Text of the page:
Montario Hardesty was planning for his future when he chose to attend the University of Tennessee after a sterling career at New Bern High School in North Carolina.
"I went to the SEC to play in the college conference that was most like the NFL," Hardesty said recently. "It definitely isn't the NFL, but hopefully that will help me out a lot by the time we put the pads on and things start moving around faster.
"Playing in the NFL has been a dream of mine since before elementary school. I wanted to put myself in a situation where I could be with the best guys so when and if I got my chance I'd be ready to play."
The Browns selected Hardesty, 6-0, 225 pounds, with the 59th pick in the draft in April. They traded their first pick in the third round, pick 71 overall, and two fifth-round picks to move back into the second round to get him. They made the trade with the Eagles because they did not want to wait for 12 teams to draft and risk seeing Hardesty end up somewhere else.
The Browns have no regrets about drafting Hardesty. He did not hesitate in minicamp when he rushed through a crack in the line and he demonstrated he can catch the ball in traffic. He worked with the first team, particularly on goal line drills.
Jerome Harrison participated in minicamp, but he missed the early part of OTAs because he was unhappy with his contract. That meant extra practice time for Hardesty.
"He's a good athlete," general manager Tom Heckert Jr. said during minicamp. "He's picking up the offense well. We're happy with him.
"He didn't get a whole lot of opportunities to catch the ball at Tennessee, but he's shown he can do it. We're pleasantly surprised. When he gets the pads on he's even more impressive."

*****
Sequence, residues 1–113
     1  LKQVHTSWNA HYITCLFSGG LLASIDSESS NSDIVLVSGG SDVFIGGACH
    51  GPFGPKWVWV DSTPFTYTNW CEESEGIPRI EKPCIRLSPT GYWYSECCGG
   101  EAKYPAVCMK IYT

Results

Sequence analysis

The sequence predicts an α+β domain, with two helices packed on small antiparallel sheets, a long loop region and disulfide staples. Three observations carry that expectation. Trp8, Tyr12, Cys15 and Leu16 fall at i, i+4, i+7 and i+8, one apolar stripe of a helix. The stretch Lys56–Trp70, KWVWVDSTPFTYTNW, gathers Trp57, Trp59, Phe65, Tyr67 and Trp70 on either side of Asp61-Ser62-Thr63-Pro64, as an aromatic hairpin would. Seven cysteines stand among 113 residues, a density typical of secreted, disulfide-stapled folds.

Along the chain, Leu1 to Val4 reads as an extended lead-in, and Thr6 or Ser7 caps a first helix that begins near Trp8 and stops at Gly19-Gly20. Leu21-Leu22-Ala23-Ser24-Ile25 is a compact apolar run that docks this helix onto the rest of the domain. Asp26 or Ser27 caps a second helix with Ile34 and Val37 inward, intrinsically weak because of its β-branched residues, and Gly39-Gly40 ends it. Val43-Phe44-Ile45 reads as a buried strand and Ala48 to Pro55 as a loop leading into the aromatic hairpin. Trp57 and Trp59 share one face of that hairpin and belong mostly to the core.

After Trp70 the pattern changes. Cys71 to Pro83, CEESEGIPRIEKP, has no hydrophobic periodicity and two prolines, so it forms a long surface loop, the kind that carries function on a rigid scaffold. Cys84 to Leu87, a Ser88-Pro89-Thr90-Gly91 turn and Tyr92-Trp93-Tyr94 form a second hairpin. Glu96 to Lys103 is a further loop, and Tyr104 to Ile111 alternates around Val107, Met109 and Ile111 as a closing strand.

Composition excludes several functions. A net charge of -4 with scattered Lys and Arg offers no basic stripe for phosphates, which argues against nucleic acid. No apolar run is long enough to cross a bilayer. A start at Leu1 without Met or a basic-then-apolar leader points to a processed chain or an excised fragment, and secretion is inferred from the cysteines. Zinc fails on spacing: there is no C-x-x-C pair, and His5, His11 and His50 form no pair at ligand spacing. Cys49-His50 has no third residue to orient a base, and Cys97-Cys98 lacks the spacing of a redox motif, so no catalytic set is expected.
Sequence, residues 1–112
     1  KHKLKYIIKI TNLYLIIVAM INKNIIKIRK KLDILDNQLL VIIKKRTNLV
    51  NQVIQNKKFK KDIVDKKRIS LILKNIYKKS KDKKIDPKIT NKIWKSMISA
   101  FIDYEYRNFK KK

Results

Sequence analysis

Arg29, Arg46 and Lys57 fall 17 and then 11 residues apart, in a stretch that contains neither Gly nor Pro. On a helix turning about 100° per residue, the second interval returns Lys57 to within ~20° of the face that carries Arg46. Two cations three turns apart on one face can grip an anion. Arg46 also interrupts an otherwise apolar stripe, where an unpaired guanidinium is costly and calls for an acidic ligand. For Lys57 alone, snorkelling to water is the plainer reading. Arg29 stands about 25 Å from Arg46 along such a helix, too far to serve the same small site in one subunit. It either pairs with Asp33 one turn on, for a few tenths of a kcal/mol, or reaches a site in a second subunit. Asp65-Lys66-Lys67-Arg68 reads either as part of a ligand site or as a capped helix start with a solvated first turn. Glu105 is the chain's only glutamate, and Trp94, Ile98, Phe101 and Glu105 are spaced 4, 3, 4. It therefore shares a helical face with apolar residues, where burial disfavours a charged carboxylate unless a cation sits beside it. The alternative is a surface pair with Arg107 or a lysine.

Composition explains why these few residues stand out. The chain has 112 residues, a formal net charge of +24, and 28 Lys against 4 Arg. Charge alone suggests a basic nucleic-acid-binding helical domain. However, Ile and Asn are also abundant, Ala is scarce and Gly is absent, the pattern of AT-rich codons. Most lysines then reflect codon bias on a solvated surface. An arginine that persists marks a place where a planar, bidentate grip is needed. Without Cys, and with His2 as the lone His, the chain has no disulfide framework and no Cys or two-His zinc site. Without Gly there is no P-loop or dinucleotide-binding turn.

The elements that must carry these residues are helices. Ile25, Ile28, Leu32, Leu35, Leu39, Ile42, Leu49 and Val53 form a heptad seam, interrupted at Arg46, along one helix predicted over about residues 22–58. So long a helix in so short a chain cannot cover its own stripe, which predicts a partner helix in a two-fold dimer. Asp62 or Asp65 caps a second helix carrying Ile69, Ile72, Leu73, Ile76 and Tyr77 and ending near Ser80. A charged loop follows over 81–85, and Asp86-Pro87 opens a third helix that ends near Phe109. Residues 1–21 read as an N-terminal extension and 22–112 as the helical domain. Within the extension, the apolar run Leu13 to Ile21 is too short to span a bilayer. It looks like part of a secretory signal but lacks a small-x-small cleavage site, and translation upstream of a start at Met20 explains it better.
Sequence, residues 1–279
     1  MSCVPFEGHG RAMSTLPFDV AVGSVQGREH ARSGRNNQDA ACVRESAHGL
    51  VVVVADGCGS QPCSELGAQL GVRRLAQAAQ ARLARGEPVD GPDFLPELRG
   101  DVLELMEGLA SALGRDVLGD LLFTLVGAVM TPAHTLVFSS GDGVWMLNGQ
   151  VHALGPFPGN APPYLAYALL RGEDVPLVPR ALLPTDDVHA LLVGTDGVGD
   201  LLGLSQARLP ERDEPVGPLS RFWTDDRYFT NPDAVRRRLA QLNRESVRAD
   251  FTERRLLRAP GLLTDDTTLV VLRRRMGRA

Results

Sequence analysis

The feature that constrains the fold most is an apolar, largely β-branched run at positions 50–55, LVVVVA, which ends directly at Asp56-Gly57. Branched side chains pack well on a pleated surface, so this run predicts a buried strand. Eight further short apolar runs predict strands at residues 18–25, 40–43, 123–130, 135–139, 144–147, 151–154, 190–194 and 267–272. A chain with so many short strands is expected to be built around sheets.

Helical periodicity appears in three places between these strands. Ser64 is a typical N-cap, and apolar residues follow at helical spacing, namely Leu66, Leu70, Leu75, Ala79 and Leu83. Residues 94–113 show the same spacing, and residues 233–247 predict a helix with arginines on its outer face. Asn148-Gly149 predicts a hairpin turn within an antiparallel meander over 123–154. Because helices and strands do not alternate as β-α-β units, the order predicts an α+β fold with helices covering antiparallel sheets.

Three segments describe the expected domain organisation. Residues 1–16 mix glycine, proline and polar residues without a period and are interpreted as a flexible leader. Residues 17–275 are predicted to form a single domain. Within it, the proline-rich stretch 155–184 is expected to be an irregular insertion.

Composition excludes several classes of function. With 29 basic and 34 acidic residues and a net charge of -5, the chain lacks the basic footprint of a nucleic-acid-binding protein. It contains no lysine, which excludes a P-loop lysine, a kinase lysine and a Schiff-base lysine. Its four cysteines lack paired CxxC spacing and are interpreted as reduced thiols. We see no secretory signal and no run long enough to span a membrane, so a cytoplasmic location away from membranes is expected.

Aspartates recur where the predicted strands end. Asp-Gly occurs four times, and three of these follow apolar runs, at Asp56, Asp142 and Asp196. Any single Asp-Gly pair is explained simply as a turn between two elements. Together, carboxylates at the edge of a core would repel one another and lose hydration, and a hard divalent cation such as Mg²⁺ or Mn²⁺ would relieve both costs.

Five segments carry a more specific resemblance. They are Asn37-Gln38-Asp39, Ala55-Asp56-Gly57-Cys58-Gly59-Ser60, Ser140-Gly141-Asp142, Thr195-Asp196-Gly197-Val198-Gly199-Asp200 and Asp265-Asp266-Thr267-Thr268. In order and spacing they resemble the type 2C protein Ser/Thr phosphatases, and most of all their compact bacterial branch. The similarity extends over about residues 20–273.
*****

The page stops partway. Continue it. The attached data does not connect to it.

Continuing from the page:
Offensive coordinator Brian Daboll is going to have to figure out how to divide carries between Hardesty and Harrison. It is too soon to know who will start and who will end up with more carries.
Harrison, a 2006 fifth-round draft pick, totaled 77 carries in the first three years of his career. He carried 106 times in the final three games of 2009 while rushing for 561 yards.
"There's good depth there and I'm happy with it with Jerome and Montario," Coach Eric Mangini said. "Montario has done a really nice job for a rookie. He's taken a lot of reps and then Peyton will play there for us. We have Chris Jennings and James Davis. Both guys did some nice things last year so it's a competitive group. I'm excited to see what they do in training camp and then with their opportunities during the preseason."
The biggest question concerning Hardesty: Can he stay healthy? He had a torn ACL in 2005, a sprained ankle in 2007 and a stress fracture in 2008. He was finally injury free in 2009 and averaged 108.8 yards a game while playing 12 games. He was so admired by his teammates at Tennessee that he was elected captain as a junior and senior, despite starting only one of the 11 games he played in in 2008 because of the stress fracture.
Hardesty believes the injuries are behind him. The Browns agree. During his draft summary Heckert said Browns doctors examined Hardesty closely and are convinced he is not an injury risk.